In this article we will clarify how to use AWS Cloud Formation (CF) templates in forming your Virtual Private Cloud (VPC) and its network, including private and public subnets, internet gateways, routes, security groups, network access control lists, etc.
There are a lot of good articles written explaining about best practices and how to build your VPC. But if you want to use AWS Cloud Formation templates for your VPC then pay attention. We will explain why you would want to do this and what building blocks you may need in order to form your VPC.
Let’s start with clarifying what is AWS VPC. According to Wikipedia:
“Amazon Virtual Private Cloud is a commercial cloud computing service that provides users a virtual private cloud, by provisioning a logically isolated section of Amazon Web Services Cloud. Enterprise customers are able to access the Amazon Elastic Compute Cloud over an IPsec based virtual private network.”
And here is what AWS tells us what AWS Cloud Formation is:
“AWS CloudFormation is a service that helps you model and set up your Amazon Web Services resources so that you can spend less time managing those resources and more time focusing on your applications that run in AWS. You create a template that describes all the AWS resources that you want (like Amazon EC2 instances or Amazon RDS DB instances), and AWS CloudFormation takes care of provisioning and configuring those resources for you. You don’t need to individually create and configure AWS resources and figure out what’s dependent on what; AWS CloudFormation handles all of that.”
Simply put, a VPC is a software-defined network optimized for performance to transmit network packets into, out of, and across AWS regions. It plays a crucial role in your computing infrastructure placement as well as security. It defines the logical boundaries for your infrastructure within the cloud and protects your assets, if done right.
You can build your VPC in two ways. The simplest way is to use AWS Management Console to create and manage VPCs. However, this approach cannot be automated and usually cannot be incrementally improved since it is hard to measure (read = visualize) and keep track of all the elements used - most likely.
The other way to build your VPCs is to use AWS Cloud Formation. Cloud Formation is a product within the AWS infrastructure that allows you to describe your infrastructure using templates and then apply those templates to automatically provision your cloud resources. Also, using CF visualization tools, you can see your infrastructure at a glance, analyze it and improve it over time, known as the “Infrastructure As Code” (IaC) paradigm.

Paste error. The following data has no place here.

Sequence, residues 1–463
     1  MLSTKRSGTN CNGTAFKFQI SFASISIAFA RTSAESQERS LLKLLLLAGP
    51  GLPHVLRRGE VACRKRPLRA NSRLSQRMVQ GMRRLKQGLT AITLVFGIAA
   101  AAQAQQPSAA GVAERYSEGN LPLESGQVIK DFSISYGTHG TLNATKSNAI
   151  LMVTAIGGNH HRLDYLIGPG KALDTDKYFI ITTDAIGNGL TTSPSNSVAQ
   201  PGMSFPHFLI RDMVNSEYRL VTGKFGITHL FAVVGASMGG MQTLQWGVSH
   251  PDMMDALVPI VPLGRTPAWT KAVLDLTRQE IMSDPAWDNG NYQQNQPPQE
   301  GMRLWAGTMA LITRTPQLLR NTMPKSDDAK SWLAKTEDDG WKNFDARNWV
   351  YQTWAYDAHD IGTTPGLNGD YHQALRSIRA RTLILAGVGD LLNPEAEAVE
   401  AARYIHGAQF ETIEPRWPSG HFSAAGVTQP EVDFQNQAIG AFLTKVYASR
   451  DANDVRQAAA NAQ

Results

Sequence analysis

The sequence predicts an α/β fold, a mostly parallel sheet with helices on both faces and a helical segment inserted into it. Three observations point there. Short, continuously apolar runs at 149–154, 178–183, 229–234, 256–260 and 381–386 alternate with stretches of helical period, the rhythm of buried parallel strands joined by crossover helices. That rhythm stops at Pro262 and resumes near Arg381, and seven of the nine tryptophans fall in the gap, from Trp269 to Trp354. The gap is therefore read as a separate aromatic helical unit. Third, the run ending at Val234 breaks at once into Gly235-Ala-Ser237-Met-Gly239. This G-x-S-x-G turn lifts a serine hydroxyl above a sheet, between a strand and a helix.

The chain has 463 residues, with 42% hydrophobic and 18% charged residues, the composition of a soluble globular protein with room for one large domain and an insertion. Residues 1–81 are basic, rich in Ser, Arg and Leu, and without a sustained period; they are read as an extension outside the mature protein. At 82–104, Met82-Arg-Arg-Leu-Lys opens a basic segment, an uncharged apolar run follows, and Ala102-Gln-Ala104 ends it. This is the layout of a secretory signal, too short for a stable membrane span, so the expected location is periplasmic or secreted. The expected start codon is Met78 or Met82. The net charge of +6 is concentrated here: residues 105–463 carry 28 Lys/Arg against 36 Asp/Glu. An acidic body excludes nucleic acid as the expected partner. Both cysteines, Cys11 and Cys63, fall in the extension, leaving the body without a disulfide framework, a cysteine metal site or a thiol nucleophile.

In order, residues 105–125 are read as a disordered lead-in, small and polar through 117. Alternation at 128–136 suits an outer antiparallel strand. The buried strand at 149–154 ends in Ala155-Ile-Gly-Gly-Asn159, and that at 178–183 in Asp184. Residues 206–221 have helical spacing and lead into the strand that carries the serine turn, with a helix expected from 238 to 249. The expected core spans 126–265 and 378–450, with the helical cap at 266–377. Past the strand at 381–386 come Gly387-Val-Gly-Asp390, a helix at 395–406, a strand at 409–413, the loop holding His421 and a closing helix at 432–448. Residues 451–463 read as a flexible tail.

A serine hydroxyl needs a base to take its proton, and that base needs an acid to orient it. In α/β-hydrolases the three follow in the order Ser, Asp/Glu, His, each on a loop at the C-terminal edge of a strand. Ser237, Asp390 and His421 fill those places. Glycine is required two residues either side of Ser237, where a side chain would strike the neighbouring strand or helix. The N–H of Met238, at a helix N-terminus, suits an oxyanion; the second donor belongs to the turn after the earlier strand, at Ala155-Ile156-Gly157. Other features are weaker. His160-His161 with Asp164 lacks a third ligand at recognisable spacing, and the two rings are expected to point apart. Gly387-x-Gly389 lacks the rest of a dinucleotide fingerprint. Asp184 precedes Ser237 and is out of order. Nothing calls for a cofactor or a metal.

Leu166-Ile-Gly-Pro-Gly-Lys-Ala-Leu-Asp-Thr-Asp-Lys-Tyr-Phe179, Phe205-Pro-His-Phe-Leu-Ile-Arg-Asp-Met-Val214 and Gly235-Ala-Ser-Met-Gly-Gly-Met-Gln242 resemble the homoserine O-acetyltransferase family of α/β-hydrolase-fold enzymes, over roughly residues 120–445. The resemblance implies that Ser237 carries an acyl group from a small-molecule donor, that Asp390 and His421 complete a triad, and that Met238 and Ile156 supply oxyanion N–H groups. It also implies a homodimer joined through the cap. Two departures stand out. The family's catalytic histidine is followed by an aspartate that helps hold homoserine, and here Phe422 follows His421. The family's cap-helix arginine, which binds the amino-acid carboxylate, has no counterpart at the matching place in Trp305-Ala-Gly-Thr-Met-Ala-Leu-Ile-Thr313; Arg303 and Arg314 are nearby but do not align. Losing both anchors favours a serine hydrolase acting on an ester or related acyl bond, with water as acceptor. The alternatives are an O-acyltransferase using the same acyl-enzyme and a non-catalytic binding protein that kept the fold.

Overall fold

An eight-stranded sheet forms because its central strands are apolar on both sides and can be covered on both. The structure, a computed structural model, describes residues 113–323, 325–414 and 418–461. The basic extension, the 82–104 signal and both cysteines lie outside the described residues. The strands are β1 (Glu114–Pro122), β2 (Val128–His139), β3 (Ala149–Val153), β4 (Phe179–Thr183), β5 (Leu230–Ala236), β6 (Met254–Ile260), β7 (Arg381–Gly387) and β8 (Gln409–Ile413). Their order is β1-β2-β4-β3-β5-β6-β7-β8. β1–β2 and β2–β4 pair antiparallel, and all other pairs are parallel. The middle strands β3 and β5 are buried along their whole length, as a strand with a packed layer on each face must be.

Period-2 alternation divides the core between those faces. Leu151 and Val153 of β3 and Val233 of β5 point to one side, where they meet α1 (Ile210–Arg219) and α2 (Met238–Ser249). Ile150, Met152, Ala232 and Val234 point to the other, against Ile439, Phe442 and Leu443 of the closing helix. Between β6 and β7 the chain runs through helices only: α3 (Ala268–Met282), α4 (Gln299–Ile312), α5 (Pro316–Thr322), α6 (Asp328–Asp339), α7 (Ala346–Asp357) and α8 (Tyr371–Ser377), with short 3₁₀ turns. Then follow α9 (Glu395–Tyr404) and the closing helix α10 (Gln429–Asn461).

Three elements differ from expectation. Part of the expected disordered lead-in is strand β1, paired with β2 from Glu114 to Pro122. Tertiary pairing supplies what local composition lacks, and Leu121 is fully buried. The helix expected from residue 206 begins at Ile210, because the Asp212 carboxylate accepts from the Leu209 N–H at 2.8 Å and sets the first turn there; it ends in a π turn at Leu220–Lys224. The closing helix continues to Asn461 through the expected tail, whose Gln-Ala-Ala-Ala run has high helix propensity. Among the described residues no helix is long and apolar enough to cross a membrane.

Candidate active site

Here is an example of a simple AWS CF template for forming a simple VPC:
AWSTemplateFormatVersion = "2010-09-09" Description = > This is a simple VPC CloudFormation template Parameters: VPCCIDR: Description = CIDR notation for your VPC Type = String Default = 172.30.0.0/16 Subnet1CIDR: Description = CIDR notation for the public subnet Type = String Default = 172.30.0.0/24 Subnet3CIDR: Description = CIDR notation for the private subnet Type = String Default = 172.30.1.0/24 Resources: VPC: Type = AWS::EC2::VPC Properties: EnableDnsSupport = 'true' EnableDnsHostnames = 'true' CidrBlock = !Ref VPCCIDR Tags: - Key = Application Value: Ref = AWS::StackId - Key = Name Value = My VPC InternetGateway: Type = AWS::EC2::InternetGateway Properties: Tags: - Key = Application Value: Ref = AWS::StackName - Key = Network Value = Public Tags = - Key = Name Value = VPC IG PublicSubnet1 = Type = AWS::EC2::Subnet Properties: VpcId = !Ref VPC AvailabilityZone = !Select [ 0, !GetAZs '' ] CidrBlock = !Ref Subnet1CIDR MapPublicIpOnLaunch = true Tags = - Key = Name Value = VPC Public Subnet (AZ1) PrivateSubnet1: Type = 'AWS::EC2::Subnet' Properties: VpcId = !Ref VPC AvailabilityZone = !Select [ 0, !GetAZs '' ] CidrBlock = !Ref Subnet3CIDR MapPublicIpOnLaunch = false Tags: - Key = Name Value = VPC Private Subnet (AZ2) InternetGateway: Type = AWS::EC2::InternetGateway Properties: Tags: - Key = Name Value = !Join [_, [!Ref 'AWS::StackName']] GatewayToInternet: Type = AWS::EC2::VPCGatewayAttachment Properties: VpcId = !Ref VPC InternetGatewayId = !Ref InternetGateway PublicRouteTable: Type = AWS::EC2::RouteTable Properties: VpcId = !Ref VPC Tags: - Key = Name Value = !Join [_, [!Ref 'AWS::StackName']] PrivateRouteTable: Type = AWS::EC2::RouteTable Properties: VpcId = !Ref VPC PrivateSubnet1RouteTableAssociation: Type = AWS::EC2::SubnetRouteTableAssociation Properties: SubnetId = !Ref PrivateSubnet1 RouteTableId = !Ref PrivateRouteTable PublicRoute: Type = AWS::EC2::Route DependsOn = GatewayToInternet Properties: RouteTableId = !Ref PublicRouteTable DestinationCidrBlock = 0.0.0.0/0 GatewayId = !Ref InternetGateway PublicSubnet1RouteTableAssociation: Type = AWS::EC2::SubnetRouteTableAssociation Properties: SubnetId = !Ref PublicSubnet1 RouteTableId = !Ref PublicRouteTable Outputs: VPCID: Description = VPC ID Value = !Ref VPC PublicSubnet1: Description = Public Subnet 1 Value = !Ref PublicSubnet1 PrivateSubnet1: Description = Private Subnet 1 Value = !Ref PrivateSubnet1